Haitian Platform to Advocate Alternative Development (PAPDA)
By Alicia Tozour
January 10th, 2013
The future success of global social movements depends largely on cultivating the next generation of activists. With the support of Grassroots International, local groups around the world are organizing creative social, political and environmental awareness programs explicitly engaging youth. Below are a few highlights from some of the grants we made this past year.
By Sara Mersha
November 13th, 2012
Last week, a broad group of organizations involved in a Climate Justice Alignment process in the US released the statement below, in solidarity with communities impacted by Hurricane Sandy in the Caribbean and the US Northeast. Grassroots International is proud to be part of the Climate Justice Alignment, working with allies such as the Grassroots Global Justice Alliance, Movement Generation, and the Black Mesa Water Coalition to build up a campaign for a Just Transition. This critical effort aims to move us away from an economy based on extreme energy (such as oil, tar sands, gas, agrofuels, mega-dams, nuclear power, and other forms of death-dependent energy). At the same time
If Walmart really tried, I doubt they could have picked a slogan more completely counter to the wisdom, values and insights of global movements of small farmers and indigenous peoples.
And whereas Walmart wants to “Save money,” indigenous and peasant groups in the Global South want to save the planet through grassroots alternatives to corporate globalization.
The United States is facing its worst drought in nearly 50 years. Not alone in its extreme weather, parts of Africa, Australia, Europe, Asia (especially India) and South America are in the same boat. And while the drought certainly affects people in these nations directly, the impact may be felt as much – if not more – in the small Caribbean nation of Haiti, for reasons as complex and numerous as import-dependent food systems, lack of agricultural investment, and just plain bad luck and timing (from earthquakes to floods to global climate disruption).
Se Ra, Se Ta!-- Later is too late” was the resounding cry of people in Haiti on November 25, 2011, in the various actions held in honor of the International Day for the Elimination of Violence against Women. This affirmation also acknowledged that in the aftermath of the January 12, 2010 earthquake, the devastating effects of other forms of violence, such as crime, disease, economic and structural violence have been equally traumatic to the people of Haiti.
In anticipation of World Environment Day today, June 5, 2012, Haiti’s Minister of Environment, Joseph Ronald Toussaint, and the Martelly government proclaimed June Environment Month in Haiti. The theme for this year’s month-long celebration is, “A Green Economy for an Environmentally Viable, Sustainable, and Just Haitian Society.” As part of Environment Month, a member of the ministry’s cabinet indicated that the ministry would like to hold a general State of the Environment Conference with stakeholders on June 7-8, 2012.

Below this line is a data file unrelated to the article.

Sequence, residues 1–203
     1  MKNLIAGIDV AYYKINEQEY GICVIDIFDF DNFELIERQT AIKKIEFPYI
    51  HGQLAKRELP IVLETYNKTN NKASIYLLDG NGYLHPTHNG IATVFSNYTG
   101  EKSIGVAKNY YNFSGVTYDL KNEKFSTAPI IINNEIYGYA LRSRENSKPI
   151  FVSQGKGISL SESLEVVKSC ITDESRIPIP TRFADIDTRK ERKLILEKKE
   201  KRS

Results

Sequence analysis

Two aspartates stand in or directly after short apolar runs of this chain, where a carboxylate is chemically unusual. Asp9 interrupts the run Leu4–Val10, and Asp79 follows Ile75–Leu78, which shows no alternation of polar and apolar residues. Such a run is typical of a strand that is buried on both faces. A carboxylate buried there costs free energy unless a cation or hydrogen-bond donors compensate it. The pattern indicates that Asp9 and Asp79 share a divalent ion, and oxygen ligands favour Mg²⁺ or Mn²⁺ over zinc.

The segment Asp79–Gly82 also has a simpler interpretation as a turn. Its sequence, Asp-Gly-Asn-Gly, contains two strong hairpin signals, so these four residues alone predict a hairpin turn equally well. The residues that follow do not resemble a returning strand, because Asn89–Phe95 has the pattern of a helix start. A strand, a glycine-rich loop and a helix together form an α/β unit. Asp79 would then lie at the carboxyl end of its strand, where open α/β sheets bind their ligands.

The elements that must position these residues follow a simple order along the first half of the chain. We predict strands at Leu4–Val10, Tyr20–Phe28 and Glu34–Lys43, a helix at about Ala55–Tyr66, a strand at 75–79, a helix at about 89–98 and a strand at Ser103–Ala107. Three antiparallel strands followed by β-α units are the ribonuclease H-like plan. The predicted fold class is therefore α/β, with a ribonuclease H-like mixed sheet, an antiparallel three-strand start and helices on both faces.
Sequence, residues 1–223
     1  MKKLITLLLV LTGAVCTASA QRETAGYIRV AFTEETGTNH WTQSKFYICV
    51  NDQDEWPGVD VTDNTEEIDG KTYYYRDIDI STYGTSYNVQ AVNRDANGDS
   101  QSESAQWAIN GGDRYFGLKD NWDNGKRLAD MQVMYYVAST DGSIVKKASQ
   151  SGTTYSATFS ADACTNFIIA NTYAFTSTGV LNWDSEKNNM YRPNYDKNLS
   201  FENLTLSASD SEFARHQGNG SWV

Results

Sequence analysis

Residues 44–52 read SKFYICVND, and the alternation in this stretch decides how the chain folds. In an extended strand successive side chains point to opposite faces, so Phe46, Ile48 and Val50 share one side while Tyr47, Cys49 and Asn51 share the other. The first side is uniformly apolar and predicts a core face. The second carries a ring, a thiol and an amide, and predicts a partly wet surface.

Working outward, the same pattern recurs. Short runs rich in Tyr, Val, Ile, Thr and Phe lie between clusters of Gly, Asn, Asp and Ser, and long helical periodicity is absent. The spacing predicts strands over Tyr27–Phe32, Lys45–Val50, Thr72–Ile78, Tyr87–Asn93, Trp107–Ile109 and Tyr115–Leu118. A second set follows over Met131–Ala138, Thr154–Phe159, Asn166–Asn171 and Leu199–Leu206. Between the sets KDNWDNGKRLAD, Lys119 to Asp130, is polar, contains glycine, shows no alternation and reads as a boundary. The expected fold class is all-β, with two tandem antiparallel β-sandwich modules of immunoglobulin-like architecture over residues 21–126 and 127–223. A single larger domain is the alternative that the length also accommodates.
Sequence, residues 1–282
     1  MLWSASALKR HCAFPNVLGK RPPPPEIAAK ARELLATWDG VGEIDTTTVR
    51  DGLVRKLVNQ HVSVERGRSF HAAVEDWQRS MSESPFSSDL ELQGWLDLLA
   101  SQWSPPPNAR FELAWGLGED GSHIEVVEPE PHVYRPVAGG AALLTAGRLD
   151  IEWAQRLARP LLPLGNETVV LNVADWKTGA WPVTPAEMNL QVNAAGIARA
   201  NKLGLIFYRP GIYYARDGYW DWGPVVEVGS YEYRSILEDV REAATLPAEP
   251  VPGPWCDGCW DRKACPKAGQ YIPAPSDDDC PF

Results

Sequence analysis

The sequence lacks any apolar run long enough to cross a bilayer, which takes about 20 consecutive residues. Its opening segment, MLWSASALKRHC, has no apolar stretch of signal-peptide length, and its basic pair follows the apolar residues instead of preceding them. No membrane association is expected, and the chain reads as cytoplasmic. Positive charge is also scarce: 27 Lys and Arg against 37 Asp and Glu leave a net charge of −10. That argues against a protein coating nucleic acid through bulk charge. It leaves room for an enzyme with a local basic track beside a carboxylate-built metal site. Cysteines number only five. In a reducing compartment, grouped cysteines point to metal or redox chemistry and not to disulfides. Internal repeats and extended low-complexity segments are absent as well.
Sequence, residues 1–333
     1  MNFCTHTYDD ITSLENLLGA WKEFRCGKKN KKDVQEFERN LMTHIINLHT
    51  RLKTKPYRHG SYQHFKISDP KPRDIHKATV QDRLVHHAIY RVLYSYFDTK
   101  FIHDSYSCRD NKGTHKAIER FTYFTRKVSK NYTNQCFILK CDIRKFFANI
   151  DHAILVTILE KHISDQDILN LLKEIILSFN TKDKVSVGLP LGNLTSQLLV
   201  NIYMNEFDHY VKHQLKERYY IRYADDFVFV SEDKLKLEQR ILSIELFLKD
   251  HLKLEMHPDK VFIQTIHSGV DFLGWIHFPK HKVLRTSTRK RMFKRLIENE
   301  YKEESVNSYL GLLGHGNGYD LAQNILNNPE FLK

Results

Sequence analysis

Two years following the earthquake, community-based organizations in Haiti are still advocating for the same changes and considerations as they did last year, namely land and housing rights, respect for national sovereignty in the reconstruction process and aid accountability.
Haitians, whether in Haiti or the diaspora, will always remember where they were on January 12, 2010, when tragedy shook us to our core. Devastating images emerged from Port-au-Prince after the earthquake that brought to mind cinematic depictions of the aftermath of a blitzkrieg. I had to constantly remind myself that an earthquake did this, not indiscriminate bombing. In the days that followed my heart wanted a seat on the next airplane to Haiti, but my mind grounded me on a simple fact: I had no medical training and my presence could not give the kind of help that was immediately needed. But I wanted to do something…
Nearly a dozen of us stuffed ourselves into a stifling cement room – an oven, really - in the Petite Riviere of the Artibonite, Haiti’s breadbasket. The meeting unfolded slowly. With no breeze and drowsy, my chin bounced off my chest.
Last year, significant international donors (including several nations and financial institutions) gathered at the United Nations headquarters in New York to discuss the massive reconstruction task ahead of them in post-earthquake Haiti. One year later, the situation on the ground in Haiti demonstrates their failure—both in terms of the lack of meaningful reconstruction, and by refusing to allow Haitians themselves to speak for their own development and sovereignty.